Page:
Jeffrey Jupp's TUPE resource

Kavanagh v Crystal Palace FC (2000) Ltd EAT – 20 November 2012


This case concerns the application of ETO reasons when the transferor is in administration.

The Facts

CP FC was put into administration in January 2010.   The objective of the administrator was to sell the club as a going concern.   A potential buyer was identified in February 2010 but negotiations stalled because the stadium was owned by another party and the potential buyer wanted to both the club and the stadium.   Because of serious cash flow difficulties, the administrator decided to mothball the club over the close season with the intention to revive negotiations later.  The club’s administrative staff, which included the Claimants, were made redundant in May 2010.

The ET held that there was an economic, technical or organisational (“ETO”) reason entailing changes in the workforce and therefore the dismissals were not unfair (Reg 7(1)(b)).  The ETO reason was that the the Administrator  “could no longer afford to pay all the Club’s employees and he had to reduce the workforce and wage bill in order to mothball the Club in the hope that a purchaser would be found”.

The EAT decision

The EAT considered  Spaceright Europe Ltd v Baillavoine  [2011] EWCA Civ 1565 and judgment of Mummery LJ at paragraph 47:

“For an ETO reason to be available, there must be an intention to change the workforce and to continue to conduct the business, as distinct from the purpose of selling it. It is not available in the case of dismissing an employee to enable the administrators to make the business of the company a more attractive proposition to prospective transferees of a going concern.”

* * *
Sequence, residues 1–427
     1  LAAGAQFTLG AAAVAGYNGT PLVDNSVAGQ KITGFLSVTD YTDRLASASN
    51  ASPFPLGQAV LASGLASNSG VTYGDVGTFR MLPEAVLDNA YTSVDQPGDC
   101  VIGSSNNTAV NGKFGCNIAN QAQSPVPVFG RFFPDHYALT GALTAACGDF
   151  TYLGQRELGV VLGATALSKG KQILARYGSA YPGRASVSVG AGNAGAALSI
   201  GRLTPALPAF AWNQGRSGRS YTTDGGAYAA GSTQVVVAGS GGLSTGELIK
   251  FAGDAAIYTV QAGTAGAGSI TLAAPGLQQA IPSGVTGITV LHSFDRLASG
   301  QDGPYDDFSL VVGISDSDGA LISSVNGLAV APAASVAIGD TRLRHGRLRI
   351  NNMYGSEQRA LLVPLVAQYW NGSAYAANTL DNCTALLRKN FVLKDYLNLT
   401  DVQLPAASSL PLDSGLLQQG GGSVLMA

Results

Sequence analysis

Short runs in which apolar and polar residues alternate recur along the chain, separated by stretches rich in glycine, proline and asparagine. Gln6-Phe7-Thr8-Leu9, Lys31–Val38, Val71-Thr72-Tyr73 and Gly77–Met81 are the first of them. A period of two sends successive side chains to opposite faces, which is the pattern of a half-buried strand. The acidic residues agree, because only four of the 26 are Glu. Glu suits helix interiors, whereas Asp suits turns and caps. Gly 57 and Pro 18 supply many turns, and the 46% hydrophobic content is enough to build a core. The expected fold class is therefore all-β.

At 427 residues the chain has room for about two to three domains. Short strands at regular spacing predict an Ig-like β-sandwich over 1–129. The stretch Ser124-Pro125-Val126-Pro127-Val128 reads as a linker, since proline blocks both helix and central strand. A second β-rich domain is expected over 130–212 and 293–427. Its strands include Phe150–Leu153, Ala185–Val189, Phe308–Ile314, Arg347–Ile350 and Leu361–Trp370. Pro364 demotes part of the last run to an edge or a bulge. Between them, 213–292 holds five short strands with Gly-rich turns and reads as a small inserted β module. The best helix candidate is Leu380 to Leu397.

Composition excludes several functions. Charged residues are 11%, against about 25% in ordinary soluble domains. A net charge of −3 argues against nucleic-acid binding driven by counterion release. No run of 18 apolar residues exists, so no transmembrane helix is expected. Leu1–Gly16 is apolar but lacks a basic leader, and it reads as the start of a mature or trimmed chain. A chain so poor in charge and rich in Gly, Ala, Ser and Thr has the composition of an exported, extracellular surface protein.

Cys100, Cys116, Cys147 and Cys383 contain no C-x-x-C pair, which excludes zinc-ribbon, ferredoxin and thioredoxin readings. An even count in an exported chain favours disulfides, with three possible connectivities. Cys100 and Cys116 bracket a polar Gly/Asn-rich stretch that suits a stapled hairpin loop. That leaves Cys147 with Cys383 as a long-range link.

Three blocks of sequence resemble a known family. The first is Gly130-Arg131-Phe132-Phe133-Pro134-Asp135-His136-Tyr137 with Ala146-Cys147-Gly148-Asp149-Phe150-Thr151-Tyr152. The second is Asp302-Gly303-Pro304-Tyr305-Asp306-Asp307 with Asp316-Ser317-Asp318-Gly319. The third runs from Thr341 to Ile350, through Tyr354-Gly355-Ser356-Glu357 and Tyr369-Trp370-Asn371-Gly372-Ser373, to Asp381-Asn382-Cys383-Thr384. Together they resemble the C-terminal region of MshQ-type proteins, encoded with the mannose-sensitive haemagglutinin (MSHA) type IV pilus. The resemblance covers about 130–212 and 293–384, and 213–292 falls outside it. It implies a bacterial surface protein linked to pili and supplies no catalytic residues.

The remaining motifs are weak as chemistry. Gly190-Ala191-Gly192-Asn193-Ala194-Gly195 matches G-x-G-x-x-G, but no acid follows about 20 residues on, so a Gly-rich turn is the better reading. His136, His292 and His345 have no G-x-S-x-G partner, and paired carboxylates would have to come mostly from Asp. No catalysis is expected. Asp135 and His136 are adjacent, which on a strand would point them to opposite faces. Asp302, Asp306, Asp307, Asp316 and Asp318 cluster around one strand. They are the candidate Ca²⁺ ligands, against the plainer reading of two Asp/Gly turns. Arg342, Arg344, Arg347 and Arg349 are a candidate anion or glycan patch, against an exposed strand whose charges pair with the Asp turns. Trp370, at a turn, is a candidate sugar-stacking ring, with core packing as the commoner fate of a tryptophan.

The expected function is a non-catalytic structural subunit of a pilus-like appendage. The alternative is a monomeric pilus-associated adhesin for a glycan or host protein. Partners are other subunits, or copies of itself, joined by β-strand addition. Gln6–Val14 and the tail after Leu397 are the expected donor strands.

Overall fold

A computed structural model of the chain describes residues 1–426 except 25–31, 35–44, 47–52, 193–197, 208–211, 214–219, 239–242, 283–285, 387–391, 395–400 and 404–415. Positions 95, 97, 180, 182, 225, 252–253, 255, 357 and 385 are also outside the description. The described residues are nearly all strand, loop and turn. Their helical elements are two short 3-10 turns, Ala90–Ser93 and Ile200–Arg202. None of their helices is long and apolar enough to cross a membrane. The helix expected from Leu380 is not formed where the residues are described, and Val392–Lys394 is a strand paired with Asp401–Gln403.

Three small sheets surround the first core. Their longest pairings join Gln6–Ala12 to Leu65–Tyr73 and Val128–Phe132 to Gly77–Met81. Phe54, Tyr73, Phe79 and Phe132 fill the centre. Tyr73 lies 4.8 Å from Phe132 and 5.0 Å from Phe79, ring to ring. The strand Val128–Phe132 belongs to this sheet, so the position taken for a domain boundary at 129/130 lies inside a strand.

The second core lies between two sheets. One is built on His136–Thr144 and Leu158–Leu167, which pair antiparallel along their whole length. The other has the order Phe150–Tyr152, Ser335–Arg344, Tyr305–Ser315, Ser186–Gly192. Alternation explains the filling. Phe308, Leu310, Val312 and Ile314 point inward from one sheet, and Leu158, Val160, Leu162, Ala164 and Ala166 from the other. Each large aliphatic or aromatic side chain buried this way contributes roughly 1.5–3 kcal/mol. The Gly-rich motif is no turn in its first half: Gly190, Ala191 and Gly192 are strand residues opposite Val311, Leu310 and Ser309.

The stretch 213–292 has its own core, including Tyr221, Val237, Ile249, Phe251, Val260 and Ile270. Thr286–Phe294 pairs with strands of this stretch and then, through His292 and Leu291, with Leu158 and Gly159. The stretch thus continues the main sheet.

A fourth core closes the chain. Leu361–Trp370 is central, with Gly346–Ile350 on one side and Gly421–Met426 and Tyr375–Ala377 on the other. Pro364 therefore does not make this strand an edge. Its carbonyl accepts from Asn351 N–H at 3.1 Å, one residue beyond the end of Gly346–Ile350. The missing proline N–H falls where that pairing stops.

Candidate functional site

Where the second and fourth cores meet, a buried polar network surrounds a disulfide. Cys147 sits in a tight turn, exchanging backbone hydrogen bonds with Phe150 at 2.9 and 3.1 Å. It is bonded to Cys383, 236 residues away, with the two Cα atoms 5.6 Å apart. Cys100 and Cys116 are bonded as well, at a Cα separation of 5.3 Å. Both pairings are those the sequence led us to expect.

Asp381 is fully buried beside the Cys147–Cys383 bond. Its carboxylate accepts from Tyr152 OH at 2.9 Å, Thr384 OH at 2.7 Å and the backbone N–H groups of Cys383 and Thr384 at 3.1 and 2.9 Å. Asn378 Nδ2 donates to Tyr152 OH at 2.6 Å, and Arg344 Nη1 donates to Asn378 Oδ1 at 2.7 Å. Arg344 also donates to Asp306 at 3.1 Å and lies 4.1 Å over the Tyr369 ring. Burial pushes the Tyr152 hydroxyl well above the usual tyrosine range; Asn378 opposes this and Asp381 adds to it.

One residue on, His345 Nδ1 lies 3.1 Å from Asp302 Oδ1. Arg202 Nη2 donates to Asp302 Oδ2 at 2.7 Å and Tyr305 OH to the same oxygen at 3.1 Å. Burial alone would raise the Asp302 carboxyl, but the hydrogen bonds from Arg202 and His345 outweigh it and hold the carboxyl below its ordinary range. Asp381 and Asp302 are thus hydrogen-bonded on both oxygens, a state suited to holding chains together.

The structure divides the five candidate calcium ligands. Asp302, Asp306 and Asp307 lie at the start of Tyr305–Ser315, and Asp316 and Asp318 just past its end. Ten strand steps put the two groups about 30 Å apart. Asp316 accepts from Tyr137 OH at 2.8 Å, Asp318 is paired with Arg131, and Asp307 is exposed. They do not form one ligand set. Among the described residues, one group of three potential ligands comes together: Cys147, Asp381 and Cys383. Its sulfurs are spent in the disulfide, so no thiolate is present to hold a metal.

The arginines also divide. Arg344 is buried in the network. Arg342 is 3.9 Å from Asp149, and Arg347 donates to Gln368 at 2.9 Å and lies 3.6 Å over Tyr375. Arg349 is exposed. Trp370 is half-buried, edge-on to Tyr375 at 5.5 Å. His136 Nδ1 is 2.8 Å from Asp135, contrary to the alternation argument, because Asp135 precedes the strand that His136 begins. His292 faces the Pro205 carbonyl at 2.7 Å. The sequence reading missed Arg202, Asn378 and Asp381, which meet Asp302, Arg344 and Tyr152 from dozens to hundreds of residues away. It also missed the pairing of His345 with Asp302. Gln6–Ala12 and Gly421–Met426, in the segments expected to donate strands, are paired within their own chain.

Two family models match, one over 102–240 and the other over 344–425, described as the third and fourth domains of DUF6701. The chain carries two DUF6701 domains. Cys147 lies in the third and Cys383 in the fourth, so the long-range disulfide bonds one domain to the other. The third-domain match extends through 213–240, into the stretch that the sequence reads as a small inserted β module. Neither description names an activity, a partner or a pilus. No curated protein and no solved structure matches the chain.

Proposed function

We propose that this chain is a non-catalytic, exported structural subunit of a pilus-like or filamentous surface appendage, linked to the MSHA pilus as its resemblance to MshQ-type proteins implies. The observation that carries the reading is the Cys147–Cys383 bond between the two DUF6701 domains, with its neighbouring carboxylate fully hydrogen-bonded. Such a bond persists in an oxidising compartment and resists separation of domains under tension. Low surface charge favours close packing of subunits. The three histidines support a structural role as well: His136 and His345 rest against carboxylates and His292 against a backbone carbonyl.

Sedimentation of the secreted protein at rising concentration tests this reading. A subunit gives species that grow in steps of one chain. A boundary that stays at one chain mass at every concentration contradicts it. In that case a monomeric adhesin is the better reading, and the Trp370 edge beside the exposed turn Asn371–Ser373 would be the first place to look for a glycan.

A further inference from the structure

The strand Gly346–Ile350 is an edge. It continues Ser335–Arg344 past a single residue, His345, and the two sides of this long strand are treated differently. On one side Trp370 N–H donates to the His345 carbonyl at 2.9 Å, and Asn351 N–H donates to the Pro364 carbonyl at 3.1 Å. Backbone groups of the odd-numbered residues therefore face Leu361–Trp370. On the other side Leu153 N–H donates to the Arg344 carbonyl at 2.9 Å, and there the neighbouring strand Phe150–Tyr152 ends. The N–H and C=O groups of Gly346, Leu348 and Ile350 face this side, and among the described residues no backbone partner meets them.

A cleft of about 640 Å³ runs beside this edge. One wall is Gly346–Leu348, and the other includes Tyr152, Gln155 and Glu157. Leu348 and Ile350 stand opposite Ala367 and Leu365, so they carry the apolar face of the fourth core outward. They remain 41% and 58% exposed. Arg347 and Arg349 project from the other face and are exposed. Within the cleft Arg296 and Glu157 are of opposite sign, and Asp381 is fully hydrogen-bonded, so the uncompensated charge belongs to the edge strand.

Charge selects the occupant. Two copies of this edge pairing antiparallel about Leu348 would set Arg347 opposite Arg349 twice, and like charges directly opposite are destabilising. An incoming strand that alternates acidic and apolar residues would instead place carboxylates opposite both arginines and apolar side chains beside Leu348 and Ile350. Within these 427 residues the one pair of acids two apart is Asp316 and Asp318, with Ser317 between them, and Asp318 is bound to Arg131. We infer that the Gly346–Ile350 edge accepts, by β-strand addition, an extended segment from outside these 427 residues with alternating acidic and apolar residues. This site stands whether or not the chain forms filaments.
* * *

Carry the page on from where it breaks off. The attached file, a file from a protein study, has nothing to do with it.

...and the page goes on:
The EAT held that this paragraph posits two alternative positions: first, where the reason for a dismissal was the intention to change the workforce and to continue to conduct the business; second, and distinguished from that position, was where the dismissal was part and parcel of a process, with the purpose of selling the business. In the former case, there could be a dismissal for an ETO reason, but in the latter case there could not.

Here the ET had erred in deciding that the reason for the dismissals was that the administrator could no longer afford to pay the employees. The EAT agreed that the administrator wanted to save costs by making redundancies, but this was to preserve the business so that it could be sold in the future. In light of Spaceright this was not an ETO reason and, as such, the dismissals were automatically unfair and liability for those dismissals passed to the purchaser under TUPE.


In order for Administrators to rely on an ETO reason they will essentially have to establish that dismissals were necessary to avoid liquidation rather than to make the business more attractive to sell.

 Link to judgment

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